Scented geranium care is pretty basic. You can grow them in pots, indoors or out, or in the ground.
A sun loving plant the Geranium needs at least 5 to 6 hours of sun a day, but may need some protection when the sun is at its strongest.
They aren’t fussy about soil type though they don’t like wet feet.
Fertilize them lightly and sparingly while they’re actively growing.
Scented geranium’s tend to get leggy and need to be trimmed back to promote bushiness.
Over-fertilization will only increase this problem. Use the prunings to grow more or share with your friends.
They come in a large variety of shapes, sizes and scents allowing you to pick the right one for your garden.
Warning: All parts of Scented Geraniums are potentially poisonous to cats, dogs and other animals because they contain Geraniol and Linalool which can lead to GI upset, vomiting, depression, anorexia, ataxia, muscle weakness and dermatitis.
If you notice your dog or cat eating leaves or blooms off your geraniums, make sure to contact your vet on what to do next.
Scented Geraniums aren’t poisonous to humans though.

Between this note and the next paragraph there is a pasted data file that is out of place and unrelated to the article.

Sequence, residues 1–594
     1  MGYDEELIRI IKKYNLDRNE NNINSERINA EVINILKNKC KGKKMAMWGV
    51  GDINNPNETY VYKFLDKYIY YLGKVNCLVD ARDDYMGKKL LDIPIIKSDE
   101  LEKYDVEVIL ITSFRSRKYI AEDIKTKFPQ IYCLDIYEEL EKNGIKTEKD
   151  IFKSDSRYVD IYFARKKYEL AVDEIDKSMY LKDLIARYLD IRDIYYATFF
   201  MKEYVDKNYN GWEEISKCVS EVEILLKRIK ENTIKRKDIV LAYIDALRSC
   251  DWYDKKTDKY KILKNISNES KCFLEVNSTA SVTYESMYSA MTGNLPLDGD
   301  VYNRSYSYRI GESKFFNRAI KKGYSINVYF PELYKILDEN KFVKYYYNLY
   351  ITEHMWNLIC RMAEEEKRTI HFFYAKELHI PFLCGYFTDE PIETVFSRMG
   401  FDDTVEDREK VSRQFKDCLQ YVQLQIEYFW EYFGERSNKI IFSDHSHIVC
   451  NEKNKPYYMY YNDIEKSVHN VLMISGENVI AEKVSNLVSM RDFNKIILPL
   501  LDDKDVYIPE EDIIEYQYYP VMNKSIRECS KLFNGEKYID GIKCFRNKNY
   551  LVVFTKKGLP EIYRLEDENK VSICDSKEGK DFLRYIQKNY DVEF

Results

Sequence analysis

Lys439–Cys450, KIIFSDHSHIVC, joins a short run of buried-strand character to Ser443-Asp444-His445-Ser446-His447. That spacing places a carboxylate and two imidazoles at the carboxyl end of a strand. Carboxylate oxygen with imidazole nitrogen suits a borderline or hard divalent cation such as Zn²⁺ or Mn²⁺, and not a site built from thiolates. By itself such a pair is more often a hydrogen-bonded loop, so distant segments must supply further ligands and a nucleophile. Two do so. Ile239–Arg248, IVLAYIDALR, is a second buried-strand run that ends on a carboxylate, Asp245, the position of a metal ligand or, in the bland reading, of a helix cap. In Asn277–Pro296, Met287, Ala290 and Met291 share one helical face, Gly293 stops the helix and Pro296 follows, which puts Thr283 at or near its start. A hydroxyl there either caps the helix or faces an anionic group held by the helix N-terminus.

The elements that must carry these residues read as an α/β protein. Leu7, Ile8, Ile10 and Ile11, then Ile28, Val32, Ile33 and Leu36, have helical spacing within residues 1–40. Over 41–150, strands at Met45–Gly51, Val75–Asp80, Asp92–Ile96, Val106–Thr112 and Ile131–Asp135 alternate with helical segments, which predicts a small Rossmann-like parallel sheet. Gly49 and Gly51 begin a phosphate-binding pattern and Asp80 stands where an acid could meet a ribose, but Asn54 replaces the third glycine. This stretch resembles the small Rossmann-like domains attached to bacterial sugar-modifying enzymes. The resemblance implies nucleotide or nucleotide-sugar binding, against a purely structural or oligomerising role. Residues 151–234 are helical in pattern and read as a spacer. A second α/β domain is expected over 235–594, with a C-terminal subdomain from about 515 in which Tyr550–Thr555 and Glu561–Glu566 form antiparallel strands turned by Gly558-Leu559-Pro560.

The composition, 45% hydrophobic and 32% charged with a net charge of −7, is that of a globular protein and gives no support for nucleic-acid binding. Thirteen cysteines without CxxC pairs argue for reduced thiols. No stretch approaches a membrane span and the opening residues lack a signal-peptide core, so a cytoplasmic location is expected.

Scented Geraniums became popular when the French perfume industry realized their aromatic potential in 1847.
Most pelargoniums originate from the Cape region in South Africa.
Aside from their ornamental purpose, Geraniums have played a major role in traditional medicine, especially in Africa.
For centuries, Geraniums were used in modern herbal medicine by such tribes as the Fingos, Xhosas, Zulus and Basothos.
Indeed, the herbal medicine practitioners were aware of its medicinal properties, and recommended Geranium roots to help reduce symptoms of respiratory infections, among which were included pneumonia, sinusitis, cough, pharyngitis, sore throat and common colds.